Yemen: Food aid delays hit IDPs in Amran Governorate
|Publisher||Integrated Regional Information Networks (IRIN)|
|Publication Date||17 August 2010|
|Cite as||Integrated Regional Information Networks (IRIN), Yemen: Food aid delays hit IDPs in Amran Governorate, 17 August 2010, available at: http://www.refworld.org/docid/4c6e2af41e.html [accessed 5 July 2015]|
|Disclaimer||This is not a UNHCR publication. UNHCR is not responsible for, nor does it necessarily endorse, its content. Any views expressed are solely those of the author or publisher and do not necessarily reflect those of UNHCR, the United Nations or its Member States.|
AMRAN, 17 August 2010 (IRIN) - Thousands of internally displaced persons (IDPs) in the northern Yemeni governorate of Amran, including 1,800 in the governorate's only IDP camp, Khaiwan, have been hit by food aid delivery delays, according to aid workers.
"Today, we are fasting without having 'sahour' [a pre-dawn Ramadan meal]. We also don't have food to break our fast at sunset," Um Mohammed, 50, a widow living with her seven children in the camp, told IRIN.
They fled their home in Amran's Harf Sufyan District in early September 2009 after clashes between the army and Houthi-led Shia rebels.
According to a July report by the UN Refugee Agency (UNHCR), 49,759 of the 328,877 registered IDPs in the north are in Amran Governorate.
Thousands of IDPs outside the camp are living in tents, renting flats or living with host families. All are dependent on food aid, said Khaiwan camp supervisor Nabil Khamis.
He told IRIN the last food aid delivery was at the end of June, and they were still waiting for July rations. "Many of the camp residents and hundreds of others living in nearby tents were forced to go out and beg for food from nearby villages," he said.
Others have been doing odd jobs for local farmers to get food. "The situation is worse among widows and the disabled in the camp who cannot work".
In the past WFP, through its partner Islamic Relief (IR), was in charge of food distribution in the camp, but the agency transferred the job to the International Committee of the Red Cross (ICRC) from July until the end of 2010 "due to WFP funding constraints", Maria Santamarina, WFP's reporting and advocacy officer in Sanaa, told IRIN.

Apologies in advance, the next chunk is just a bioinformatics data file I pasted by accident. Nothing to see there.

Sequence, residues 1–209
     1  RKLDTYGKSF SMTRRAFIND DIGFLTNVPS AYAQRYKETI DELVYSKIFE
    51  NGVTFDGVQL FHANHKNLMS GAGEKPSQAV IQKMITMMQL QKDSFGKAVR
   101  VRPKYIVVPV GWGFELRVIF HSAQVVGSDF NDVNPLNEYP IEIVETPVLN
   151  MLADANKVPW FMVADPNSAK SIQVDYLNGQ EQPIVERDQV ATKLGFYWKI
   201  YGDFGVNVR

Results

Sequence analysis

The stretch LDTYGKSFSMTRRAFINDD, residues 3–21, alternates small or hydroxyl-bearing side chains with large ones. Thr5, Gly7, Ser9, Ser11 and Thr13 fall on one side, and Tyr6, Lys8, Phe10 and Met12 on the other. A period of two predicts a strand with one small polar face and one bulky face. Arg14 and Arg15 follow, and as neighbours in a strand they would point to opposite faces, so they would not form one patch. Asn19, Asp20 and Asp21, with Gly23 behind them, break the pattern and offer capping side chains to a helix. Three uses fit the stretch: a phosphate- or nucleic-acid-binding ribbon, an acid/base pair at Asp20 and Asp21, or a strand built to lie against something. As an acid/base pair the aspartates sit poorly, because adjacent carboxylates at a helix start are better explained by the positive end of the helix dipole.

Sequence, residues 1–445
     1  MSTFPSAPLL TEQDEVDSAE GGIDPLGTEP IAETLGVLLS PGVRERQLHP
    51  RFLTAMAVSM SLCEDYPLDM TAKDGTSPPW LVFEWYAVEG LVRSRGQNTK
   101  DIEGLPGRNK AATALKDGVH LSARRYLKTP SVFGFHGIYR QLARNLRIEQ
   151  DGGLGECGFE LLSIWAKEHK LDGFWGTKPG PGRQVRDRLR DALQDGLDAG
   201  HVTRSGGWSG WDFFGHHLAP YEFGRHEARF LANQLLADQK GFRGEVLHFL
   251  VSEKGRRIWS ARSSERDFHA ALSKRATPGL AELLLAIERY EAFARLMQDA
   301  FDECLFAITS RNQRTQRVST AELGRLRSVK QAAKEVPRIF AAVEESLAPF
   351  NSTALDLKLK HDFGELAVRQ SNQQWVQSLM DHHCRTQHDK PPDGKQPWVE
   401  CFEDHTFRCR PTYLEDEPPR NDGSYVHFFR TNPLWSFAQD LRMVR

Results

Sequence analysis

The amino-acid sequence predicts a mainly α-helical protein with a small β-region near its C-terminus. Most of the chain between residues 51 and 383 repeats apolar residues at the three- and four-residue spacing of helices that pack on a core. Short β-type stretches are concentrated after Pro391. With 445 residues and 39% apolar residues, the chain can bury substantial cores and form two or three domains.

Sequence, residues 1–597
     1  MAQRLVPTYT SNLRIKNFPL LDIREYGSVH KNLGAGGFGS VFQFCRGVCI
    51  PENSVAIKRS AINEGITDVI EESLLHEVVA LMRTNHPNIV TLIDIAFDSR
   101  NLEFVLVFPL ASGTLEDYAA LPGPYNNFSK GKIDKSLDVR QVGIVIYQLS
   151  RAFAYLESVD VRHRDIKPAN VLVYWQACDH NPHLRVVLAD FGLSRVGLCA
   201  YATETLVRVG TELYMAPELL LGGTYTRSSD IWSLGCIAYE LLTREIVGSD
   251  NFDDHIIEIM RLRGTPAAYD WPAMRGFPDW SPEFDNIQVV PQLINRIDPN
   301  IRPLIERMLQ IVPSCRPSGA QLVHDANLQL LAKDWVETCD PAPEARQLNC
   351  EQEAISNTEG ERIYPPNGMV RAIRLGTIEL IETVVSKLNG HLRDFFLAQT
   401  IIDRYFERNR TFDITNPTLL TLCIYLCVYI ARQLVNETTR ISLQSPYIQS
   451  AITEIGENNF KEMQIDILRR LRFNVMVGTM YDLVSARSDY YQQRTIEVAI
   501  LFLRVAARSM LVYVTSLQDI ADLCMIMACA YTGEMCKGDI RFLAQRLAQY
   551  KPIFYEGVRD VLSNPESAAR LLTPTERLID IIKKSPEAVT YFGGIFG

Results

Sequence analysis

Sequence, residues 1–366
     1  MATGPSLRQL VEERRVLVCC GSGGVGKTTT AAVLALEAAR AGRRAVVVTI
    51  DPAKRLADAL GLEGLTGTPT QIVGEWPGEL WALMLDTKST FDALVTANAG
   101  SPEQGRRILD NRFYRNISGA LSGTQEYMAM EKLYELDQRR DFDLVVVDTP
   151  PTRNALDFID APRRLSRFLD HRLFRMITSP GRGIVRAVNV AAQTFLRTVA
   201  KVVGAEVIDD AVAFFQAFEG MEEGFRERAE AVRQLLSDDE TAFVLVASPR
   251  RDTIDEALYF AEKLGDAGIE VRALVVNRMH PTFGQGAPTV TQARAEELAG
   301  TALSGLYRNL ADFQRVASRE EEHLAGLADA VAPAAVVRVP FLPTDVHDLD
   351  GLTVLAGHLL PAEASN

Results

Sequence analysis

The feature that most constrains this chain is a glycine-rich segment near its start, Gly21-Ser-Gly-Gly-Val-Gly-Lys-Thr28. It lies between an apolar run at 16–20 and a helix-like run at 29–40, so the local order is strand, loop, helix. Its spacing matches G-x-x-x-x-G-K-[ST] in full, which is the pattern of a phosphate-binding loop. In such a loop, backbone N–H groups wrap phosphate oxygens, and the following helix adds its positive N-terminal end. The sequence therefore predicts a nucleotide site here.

The ICRC was aiming to distribute one month's worth of food rations - wheat, rice, beans, oil, sugar and salt - to IDPs in Amran Governorate, said Rabab Al-Rifai, the ICRC spokesperson in Yemen. "The organization is discussing the final details with the concerned entities in the governorate."
A ceasefire between government forces and al-Houthi rebels was signed in February 2010 but intermittent clashes in Harf Sufyan District have hampered aid agency access and food aid delivery in Amran in the past few months, IR country director Khalid Almulad said.
Lack of safe access to needy IDPs was a major problem not only in Amran, according Tarek Elguindi, head of the UN Office for the Coordination of Humanitarian Affairs (OCHA) in Yemen.
"There are tribal conflicts in al-Jawf [Governorate], a government-tribal conflict in Amran and a government-Houthi conflict in Saada? Roads to several areas where IDPs are sheltering still remain unsafe," he said, adding that in Amran armed tribesmen were setting up checkpoints in a bid to exert pressure on the government to give them jobs. "They are preventing aid workers from reaching IDPs."
There are 17,235 IDPs in al-Jawf and 110,000 in Saada, according to UNHCR.
Elguindi said the government had offered to provide military escorts to aid workers to help get the food aid delivered, but the offer had been turned down. "As humanitarian agencies, we have to be neutral and impartial," he said.
Like other IDPs in Khaiwan camp, Um Mohammed was expecting more food aid during Ramadan, not less: "Did they [aid agencies] choose to treat us this way in Ramadan?" she said. "We were expecting to get better rations, including dates and sweats during this holy month, but it didn't happen."